Ways to avert dan­ger­ous cli­mate change spelt out

The Star Early Edition - - NEWS - MELANIE GOSLING

IT IS pos­si­ble to stay within the 2°C limit and avoid dan­ger­ous cli­mate change, ac­cord­ing to a UN re­port re­leased ahead of the UN cli­mate change talks in Lima later this month.

The re­port, re­leased by the UN En­vi­ron­ment Pro­gramme, called The Gap Re­port, sets out the path­ways the world must follow if it is to avoid dan­ger­ous cli­mate change, and fo­cuses on a tran­si­tion to a low-car­bon econ­omy.

To keep the av­er­age in­crease in the global tem­per­a­ture be­low 2°C, global green­house gas emis­sions will have to:

Reach a ceil­ing around 2020 and be­gin de­creas­ing by 2030;

Be at least 50 per­cent lower by 2050 than they were in 2010;

Reach a net zero in the sec­ond half of the cen­tury, with any re­main­ing emis­sions off­set by re-af­foresta­tion and other means.

Be­cause there is al­ready so much car­bon diox­ide in the at­mos­phere, world tem­per­a­tures will in­crease over the next few decades, even if all green­house gas emis­sions were to cease to­day. This is be­cause of the long life­span of CO2 in the at­mos­phere.

Emis­sions have to be rad­i­cally re­duced to avoid go­ing beyond 2°C – which would take the world into what has been called dan­ger­ous cli­mate change, where ecosys­tems, liveli­hoods and economies are threat­ened.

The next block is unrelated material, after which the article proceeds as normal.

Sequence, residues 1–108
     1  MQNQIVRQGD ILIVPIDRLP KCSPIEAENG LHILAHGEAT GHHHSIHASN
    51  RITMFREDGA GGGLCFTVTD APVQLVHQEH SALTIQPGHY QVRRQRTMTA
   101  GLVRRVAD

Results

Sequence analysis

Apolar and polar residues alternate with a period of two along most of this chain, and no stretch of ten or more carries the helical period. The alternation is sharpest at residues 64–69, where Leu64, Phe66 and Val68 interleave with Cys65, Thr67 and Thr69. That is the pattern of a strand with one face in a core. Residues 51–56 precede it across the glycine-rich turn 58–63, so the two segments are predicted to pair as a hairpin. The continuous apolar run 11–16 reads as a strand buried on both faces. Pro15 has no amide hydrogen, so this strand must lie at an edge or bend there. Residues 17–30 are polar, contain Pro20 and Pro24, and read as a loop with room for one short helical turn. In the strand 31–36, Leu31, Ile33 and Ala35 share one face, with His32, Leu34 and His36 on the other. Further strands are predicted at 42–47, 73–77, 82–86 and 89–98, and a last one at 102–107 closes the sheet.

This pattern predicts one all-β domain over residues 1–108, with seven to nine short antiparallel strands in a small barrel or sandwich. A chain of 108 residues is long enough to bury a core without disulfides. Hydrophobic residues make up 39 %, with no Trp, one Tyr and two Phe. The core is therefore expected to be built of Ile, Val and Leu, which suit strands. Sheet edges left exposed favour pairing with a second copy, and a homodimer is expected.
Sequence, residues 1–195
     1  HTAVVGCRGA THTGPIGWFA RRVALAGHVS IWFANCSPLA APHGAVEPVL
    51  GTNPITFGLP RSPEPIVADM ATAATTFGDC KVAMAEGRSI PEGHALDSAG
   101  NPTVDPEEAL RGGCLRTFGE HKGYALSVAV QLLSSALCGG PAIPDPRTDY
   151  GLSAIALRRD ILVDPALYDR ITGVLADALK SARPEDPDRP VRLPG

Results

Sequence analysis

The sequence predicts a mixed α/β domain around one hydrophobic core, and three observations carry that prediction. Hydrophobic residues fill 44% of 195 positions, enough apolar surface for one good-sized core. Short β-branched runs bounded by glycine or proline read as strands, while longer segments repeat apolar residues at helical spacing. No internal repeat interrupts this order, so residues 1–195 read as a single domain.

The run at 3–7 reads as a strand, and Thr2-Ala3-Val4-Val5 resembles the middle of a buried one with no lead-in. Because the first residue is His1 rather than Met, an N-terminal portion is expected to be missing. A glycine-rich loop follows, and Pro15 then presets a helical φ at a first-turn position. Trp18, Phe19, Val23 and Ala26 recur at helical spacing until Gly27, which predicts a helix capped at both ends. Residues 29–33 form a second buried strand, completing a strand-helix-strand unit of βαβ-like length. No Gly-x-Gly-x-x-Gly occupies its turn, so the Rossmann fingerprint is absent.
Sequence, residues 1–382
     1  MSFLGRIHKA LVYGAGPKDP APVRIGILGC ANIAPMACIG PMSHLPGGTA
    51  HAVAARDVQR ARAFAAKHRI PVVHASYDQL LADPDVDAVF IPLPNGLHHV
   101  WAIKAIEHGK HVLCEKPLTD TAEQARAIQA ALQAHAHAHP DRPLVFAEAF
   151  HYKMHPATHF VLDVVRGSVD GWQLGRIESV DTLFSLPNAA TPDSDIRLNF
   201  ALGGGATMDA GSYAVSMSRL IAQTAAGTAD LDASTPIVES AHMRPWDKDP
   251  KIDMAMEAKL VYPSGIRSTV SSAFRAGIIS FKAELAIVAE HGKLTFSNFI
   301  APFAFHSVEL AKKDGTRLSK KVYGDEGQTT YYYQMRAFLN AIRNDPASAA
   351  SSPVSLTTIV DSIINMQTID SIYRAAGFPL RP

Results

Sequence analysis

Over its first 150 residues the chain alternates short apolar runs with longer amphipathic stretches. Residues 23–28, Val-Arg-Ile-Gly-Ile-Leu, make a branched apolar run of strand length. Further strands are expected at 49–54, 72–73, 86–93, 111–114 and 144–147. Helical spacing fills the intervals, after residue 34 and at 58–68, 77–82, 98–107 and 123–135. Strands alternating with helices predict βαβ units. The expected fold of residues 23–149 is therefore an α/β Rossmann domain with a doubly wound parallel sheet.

The Gap Re­port also fo­cuses on the ur­gency to act now to achieve ever higher tar­gets to cut emis­sions be­fore 2020.

UN Frame­work Con­ven­tion on Cli­mate Change chief Chris­tiana Figueres said: “This im­por­tant re­port un­der­scores the re­al­ity that at some point in the sec­ond half of the cen­tury, we need to have achieved cli­mate neu­tral­ity – or as some term it, zero net or net zero – in terms of over­all global emis­sions.”

It re­port em­pha­sises what needs to be done if cli­mate change is to be tack­led ef­fec­tively. It says en­ergy ef­fi­ciency has to be scaled up, rang­ing from more en­ergy-ef­fi­cient ap­pli­ances, light­ing stan­dards, and tighter build­ing reg­u­la­tions and ve­hi­cle fuel norms.

The re­port sug­gests that im­proved en­ergy ef­fi­ciency has the po­ten­tial to re­duce green­house gas emis­sions by be­tween 3 and 7 gi­ga­tons of car­bon diox­ide equiv­a­lent a year.

Other key find­ings of the re­port un­der­line the wider, sus­tain­able-de­vel­op­ment im­per­a­tive of ad­dress­ing cli­mate change, as well as re­duc­ing air pol­lu­tion and health threats.

The World Health Or­gan­i­sa­tion re­ports that 7 mil­lion peo­ple die pre­ma­turely each year from in­door and out­door air pol­lu­tion, mostly in de­vel­op­ing coun­tries.

En­ergy ef­fi­ciency im­prove­ments re­duce fos­sil fuel use and there­fore air pol­lu­tion emis­sions. The re­port says a re­duc­tion in air pol­lu­tion could avoid 100,000 pre­ma­ture deaths ev­ery year by 2030 in the US, the EU, In­dia, Brazil, China and Mex­ico.

Other spin-offs from en­ergy ef­fi­ciency in­cludes lower en­ergy costs, which makes en­ergy more ac­ces­si­ble to poor. Adopt­ing en­ergy ef­fi­ciency projects also leads to job cre­ation.

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